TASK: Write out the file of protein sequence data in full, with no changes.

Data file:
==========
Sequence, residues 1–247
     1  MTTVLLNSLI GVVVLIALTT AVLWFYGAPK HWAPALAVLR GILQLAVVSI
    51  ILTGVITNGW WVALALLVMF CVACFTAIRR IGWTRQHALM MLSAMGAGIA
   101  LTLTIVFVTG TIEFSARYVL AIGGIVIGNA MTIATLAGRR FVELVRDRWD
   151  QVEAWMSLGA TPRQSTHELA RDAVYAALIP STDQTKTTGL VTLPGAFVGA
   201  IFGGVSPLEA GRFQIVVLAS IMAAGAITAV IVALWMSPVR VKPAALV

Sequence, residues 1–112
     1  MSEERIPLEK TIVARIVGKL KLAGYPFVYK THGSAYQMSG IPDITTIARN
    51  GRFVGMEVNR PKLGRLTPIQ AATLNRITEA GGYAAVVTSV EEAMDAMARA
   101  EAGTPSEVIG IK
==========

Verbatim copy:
Sequence, residues 1–247
     1  MTTVLLNSLI GVVVLIALTT AVLWFYGAPK HWAPALAVLR GILQLAVVSI
    51  ILTGVITNGW WVALALLVMF CVACFTAIRR IGWTRQHALM MLSAMGAGIA
   101  LTLTIVFVTG TIEFSARYVL AIGGIVIGNA MTIATLAGRR FVELVRDRWD
   151  QVEAWMSLGA TPRQSTHELA RDAVYAALIP STDQTKTTGL VTLPGAFVGA
   201  IFGGVSPLEA GRFQIVVLAS IMAAGAITAV IVALWMSPVR VKPAALV

Sequence, residues 1–112
     1  MSEERIPLEK TIVARIVGKL KLAGYPFVYK THGSAYQMSG IPDITTIARN
    51  GRFVGMEVNR PKLGRLTPIQ AATLNRITEA GGYAAVVTSV EEAMDAMARA
   101  EAGTPSEVIG IK